We often field questions at the bookstore regarding the release dates of series books, particularly ones whose appearance on the horizon is a bit overdue. The world champion in this regard is Patrick Rothfuss’ Kingkiller trilogy.
There are two reasons for this. First, it is a store favorite and widely enjoyed in the community. Second, it is years and years overdue. The author is sick of being asked about it, the publisher is sick of being asked about it. We tire of having no information to pass on.
Personally, it has been more than 11 years since my former Penguin publishers representative, Peter Giannoni, mailed me an Advanced Reader of book one, The Name of the Wind, telling me that he thought I would like it (true) and that the author had written all three books while he was in grad school so there wouldn’t be a wait involved beyond the usual one year between each release (not true). At this point, seven years out from when I read book two, Wise Man’s Fear, it seemed time to get some hard facts about the cause for the continuing absence of book three.
The way I decided to approach this was to pull together a list of possible causes, and then ask someone who would know for sure if any of them were true. Fortunately Bast himself, one of the book’s characters, agreed to review the materials and give his assessment. First of all here’s the list.
- Though the Chronicler is a fictional character, Kvothe really did make a deal with Patrick Rothfuss himself to relate his story. Unfortunately Kvothe changed his mind after the second day, and disappeared so that the third book will never come out unless Kvothe reappears.
- Rothfuss always intended to write a two-book unfinished trilogy as a kind of malevolent art form which he hoped would impress Andy Warhol’s ghost.
Rothfuss has played an infamous practical joke on the universe by publishing the Kingkiller conclusion without anyone realizing it. Book three, whose announced title is The Doors of Stone, was published with a different title and attributed author, The Darkling Child, by Terry Brooks. Though published as though it were the fourth book in The Defenders of Shannara series it is actually The Doors of Stone written by Rothfuss. This was diabolically clever because no one actually read The Darkling Child so it was the perfect crime.
- Though changelings are traditionally infants left in cradles, an enterprising goblin replaced the actual Patrick Rothfuss with the person who is currently masquerading as actually working on book three.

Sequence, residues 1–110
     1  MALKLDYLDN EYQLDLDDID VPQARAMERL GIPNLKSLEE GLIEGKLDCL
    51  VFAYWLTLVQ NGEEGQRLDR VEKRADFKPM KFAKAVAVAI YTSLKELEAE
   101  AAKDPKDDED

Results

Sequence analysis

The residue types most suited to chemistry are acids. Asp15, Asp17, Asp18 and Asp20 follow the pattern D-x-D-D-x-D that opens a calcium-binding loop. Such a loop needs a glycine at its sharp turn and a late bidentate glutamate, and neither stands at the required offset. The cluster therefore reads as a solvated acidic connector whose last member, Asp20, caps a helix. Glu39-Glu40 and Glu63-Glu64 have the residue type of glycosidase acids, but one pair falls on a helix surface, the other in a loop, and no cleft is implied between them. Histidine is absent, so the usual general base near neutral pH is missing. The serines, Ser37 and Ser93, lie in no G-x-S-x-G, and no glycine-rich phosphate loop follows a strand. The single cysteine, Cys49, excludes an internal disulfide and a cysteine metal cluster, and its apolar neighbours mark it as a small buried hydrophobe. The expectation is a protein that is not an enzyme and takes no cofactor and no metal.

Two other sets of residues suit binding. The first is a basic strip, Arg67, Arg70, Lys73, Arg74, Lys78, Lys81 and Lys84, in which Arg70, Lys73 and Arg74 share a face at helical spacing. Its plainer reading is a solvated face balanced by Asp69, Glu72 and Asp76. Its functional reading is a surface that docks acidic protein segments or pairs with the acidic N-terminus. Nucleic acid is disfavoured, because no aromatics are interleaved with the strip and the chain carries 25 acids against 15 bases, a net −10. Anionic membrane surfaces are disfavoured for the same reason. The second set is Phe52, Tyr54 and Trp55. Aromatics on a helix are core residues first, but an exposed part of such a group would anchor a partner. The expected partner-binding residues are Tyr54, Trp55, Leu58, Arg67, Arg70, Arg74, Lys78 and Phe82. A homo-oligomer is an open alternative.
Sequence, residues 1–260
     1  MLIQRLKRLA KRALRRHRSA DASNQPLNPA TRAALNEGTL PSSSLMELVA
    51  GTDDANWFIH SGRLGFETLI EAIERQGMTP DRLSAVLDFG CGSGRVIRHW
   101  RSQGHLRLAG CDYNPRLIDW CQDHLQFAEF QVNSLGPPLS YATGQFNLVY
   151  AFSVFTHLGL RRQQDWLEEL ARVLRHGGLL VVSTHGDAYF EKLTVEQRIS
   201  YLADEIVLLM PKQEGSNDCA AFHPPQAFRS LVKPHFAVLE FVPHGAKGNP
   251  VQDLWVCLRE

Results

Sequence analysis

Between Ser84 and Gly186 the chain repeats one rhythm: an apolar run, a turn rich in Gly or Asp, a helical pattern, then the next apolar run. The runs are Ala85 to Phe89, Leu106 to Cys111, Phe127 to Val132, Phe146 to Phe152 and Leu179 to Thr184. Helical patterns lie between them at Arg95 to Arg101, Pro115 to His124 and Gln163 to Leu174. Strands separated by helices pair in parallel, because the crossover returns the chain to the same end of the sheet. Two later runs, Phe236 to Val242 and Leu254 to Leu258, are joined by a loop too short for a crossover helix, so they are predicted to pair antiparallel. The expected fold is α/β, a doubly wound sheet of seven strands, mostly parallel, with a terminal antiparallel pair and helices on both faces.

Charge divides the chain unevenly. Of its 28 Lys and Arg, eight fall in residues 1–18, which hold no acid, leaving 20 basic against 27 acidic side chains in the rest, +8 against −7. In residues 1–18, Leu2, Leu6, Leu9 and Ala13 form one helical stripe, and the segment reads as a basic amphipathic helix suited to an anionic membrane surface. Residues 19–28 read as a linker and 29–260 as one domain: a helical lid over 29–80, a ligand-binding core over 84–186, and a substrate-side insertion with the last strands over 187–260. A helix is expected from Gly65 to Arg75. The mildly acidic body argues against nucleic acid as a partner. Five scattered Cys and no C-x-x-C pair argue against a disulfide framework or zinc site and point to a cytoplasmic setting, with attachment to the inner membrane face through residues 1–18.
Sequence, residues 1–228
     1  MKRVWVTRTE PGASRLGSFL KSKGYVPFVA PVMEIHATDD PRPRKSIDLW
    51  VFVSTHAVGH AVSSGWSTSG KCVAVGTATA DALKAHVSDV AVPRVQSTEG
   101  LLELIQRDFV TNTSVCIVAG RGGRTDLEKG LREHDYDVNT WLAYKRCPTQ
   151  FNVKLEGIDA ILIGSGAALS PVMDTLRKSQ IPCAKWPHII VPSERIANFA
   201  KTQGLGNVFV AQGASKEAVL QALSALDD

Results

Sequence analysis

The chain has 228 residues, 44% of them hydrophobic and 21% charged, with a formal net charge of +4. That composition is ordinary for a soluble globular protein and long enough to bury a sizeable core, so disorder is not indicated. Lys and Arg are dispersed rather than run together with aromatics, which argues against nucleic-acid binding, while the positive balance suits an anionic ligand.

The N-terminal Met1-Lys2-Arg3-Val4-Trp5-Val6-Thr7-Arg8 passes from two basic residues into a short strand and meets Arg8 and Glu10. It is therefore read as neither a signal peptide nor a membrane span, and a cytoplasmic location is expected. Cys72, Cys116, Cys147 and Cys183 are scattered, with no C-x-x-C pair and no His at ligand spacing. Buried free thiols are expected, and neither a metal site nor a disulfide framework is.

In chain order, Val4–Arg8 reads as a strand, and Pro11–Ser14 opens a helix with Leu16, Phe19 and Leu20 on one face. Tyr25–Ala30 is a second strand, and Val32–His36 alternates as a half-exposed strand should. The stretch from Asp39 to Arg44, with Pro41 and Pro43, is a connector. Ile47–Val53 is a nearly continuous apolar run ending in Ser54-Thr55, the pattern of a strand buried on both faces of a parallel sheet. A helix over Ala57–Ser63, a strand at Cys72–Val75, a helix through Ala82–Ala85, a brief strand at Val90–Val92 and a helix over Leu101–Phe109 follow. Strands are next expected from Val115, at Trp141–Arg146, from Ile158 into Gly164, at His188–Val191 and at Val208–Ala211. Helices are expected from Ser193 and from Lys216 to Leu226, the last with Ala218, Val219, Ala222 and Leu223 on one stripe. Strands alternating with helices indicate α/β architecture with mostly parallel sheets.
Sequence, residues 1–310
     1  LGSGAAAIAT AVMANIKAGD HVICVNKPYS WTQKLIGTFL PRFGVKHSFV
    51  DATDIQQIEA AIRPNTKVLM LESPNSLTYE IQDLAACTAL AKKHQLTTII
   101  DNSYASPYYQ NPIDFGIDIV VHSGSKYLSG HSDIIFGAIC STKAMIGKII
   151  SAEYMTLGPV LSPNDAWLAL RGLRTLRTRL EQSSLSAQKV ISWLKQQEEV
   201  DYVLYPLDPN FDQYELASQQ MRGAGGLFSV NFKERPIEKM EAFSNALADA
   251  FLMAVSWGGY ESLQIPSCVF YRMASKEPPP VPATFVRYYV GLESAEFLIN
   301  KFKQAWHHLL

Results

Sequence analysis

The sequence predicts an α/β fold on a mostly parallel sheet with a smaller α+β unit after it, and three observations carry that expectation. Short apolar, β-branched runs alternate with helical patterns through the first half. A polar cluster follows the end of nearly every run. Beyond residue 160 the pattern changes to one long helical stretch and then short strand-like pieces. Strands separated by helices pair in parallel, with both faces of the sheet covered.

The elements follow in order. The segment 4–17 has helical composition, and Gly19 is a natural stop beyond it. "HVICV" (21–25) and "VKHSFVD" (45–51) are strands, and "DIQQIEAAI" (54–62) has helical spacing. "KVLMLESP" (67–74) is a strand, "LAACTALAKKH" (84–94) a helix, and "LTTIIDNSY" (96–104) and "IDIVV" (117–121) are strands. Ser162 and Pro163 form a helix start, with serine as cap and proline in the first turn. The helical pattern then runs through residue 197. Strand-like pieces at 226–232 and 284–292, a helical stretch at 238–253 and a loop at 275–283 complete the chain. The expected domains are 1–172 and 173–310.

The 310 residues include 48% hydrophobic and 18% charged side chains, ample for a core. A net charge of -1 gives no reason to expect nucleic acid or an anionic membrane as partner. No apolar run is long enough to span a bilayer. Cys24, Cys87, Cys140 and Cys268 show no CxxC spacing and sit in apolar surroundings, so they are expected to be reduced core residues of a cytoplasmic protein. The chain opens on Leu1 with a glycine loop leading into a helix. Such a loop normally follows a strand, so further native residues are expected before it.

- Rothfuss has a rare condition, chronoglacialis, in which the sufferer experiences life at one-sixth the speed of normal time. Thus, those complaining about the long delay are being spectacularly insensitive.
- Kvothe cast two interwoven Sisyphean spells on Rothfuss. The first making perfection a compulsory absolute and the second allowing him to see an infinite number of perspectives on his work making perfection and imperfection alternate indefinitely as the endless supply of perspectives appear successively, each one undoing the perfection attained by the last.
Kenny: You seem like someone who knows a good deal about what is going on behind the normal field of vision.
Bast: Would you like to have me test that theory out on yourself?
Kenny: Umm. Absolutely not.
Bast: You are not quite as much of a fool as I supposed.
Kenny: Well, there’s still time here to prove yourself right.
Bast: Very true, but how can I help you?
Kenny: I was hoping you could assess the list above and tell us whether any of them is true.
Bast: Yes, one of them is the truth.
Kenny: Aha. Which one?
Bast: Wouldn’t you like to know!
Kenny: I see, well can you rule any of them out?
Bast: Is this part of your effort to have me reassess your character?
Kenny: Not at all.
Bast: Okay then. I’ll tell you that it’s not number two because Warhol is not dead. I personally helped fake his death.
Kenny: I see. Can you tell me where he is now?
Kenny: Okay, are there any other ones we can eliminate from consideration?
Bast: Yes I would suggest eliminating the five which are wrong. Think, man!
Kenny: Hmmn, well I just took a look at The Darkling Child. Ouch. It is definitely not answer three. There are no goblins in the Kingkiller world so I’ll strike that one out too. If Rothfuss had chronoglacialis he would still be making more progress than he has. Hmmn. I don’t think Kvothe would just run off. I think the casting of the spells, answer 6, is the only really likely explanation.
Bast: I agree.
Kenny: You do?
Bast: I do. and now we turn to the little matter of my fee.
Kenny: Umm. Signing off here!
(Note the interview portion above originally appeared in Publishers Weekly’s Shelftalker)